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Age-Related Macular Degeneration - Exams and Tests

A doctor can usually detect age-related macular degeneration (AMD) with a regular eye exam. The doctor first will find out more about your symptoms, past eye problems, and other health conditions by asking you about your medical history.

Vision tests

Visual acuity test

The doctor will test your central vision with a visual acuity test. During this test, you cover one eye and read letters on a wall chart 20 ft (6.1 m) away. Central vision gets worse over time in a person who has AMD, and a visual acuity test can measure whether your vision has become worse since your last exam. The doctor may also test your visual field, which includes both your central vision and side (peripheral) vision.

Ophthalmoscopy

Your doctor will look inside your eye using ophthalmoscopy. This test lets your doctor check for possible signs of this disease, such as drusen, which appear as yellowish white spots under the retina camera.gif. Although some small drusen can usually be found in the macula as a normal result of aging, the presence of numerous large drusen is associated with AMD.1

Amsler grid test

An Amsler grid camera.gif test can detect wet AMD. If you have wet AMD, lines on the grid appear wavy or curved instead of straight, or you may see a blank spot or hole on part of the grid.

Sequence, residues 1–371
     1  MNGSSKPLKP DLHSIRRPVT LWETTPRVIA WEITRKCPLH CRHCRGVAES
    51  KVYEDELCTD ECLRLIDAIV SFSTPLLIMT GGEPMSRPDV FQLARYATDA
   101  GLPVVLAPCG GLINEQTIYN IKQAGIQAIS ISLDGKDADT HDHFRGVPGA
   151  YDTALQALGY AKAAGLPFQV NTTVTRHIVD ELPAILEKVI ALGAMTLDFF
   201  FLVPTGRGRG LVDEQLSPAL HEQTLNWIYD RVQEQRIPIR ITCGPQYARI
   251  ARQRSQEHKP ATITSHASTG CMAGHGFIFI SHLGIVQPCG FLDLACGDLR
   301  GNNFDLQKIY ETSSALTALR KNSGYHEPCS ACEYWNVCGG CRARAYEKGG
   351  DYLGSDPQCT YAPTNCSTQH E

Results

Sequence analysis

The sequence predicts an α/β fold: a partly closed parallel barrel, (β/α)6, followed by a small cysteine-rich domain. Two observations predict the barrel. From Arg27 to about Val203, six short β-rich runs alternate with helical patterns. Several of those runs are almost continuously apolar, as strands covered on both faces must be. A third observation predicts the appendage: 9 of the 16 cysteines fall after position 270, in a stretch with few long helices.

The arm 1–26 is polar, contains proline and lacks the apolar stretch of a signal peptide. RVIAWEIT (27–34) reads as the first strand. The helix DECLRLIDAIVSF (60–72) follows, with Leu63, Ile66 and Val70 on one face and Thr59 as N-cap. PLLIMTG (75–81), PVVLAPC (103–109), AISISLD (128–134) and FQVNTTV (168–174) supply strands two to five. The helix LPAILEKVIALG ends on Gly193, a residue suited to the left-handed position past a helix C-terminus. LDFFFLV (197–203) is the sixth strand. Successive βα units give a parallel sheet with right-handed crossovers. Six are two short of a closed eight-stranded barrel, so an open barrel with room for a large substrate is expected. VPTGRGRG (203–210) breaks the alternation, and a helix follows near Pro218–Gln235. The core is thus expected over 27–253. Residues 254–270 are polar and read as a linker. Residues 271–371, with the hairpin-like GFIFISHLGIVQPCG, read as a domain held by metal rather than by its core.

For more information on vision testing, see the topic Vision Tests.

Other tests

If your doctor thinks that you may have wet AMD, you may also have a test called an eye angiogram or an optical coherence tomography (OCT) to find out if abnormal blood vessels are growing beneath the macula. The tests can also locate leaky blood vessels under the macula and help your doctor find out if they can be treated.

If you have AMD and some loss of vision, your doctor may do a low-vision evaluation to help find ways for you to make the most of your remaining vision and keep your quality of life.

Early detection

The American Academy of Ophthalmology recommends that all people ages 40 to 54 have a comprehensive eye exam every 2 to 4 years to help detect AMD early. The following table summarizes the recommendations for comprehensive eye exams:2

Eye exam schedule
Age (years) When to get a comprehensive eye exam
65 or olderEvery 1–2 years
55–64Every 1–3 years
40–54Every 2–4 years
Younger than 405–10 years

    This information is produced and provided by the National Cancer Institute (NCI). The information in this topic may have changed since it was written. For the most current information, contact the National Cancer Institute via the Internet web site at http:// cancer .gov or call 1-800-4-CANCER.

    WebMD Medical Reference from Healthwise

    Last Updated: November 12, 2012
    This information is not intended to replace the advice of a doctor. Healthwise disclaims any liability for the decisions you make based on this information.
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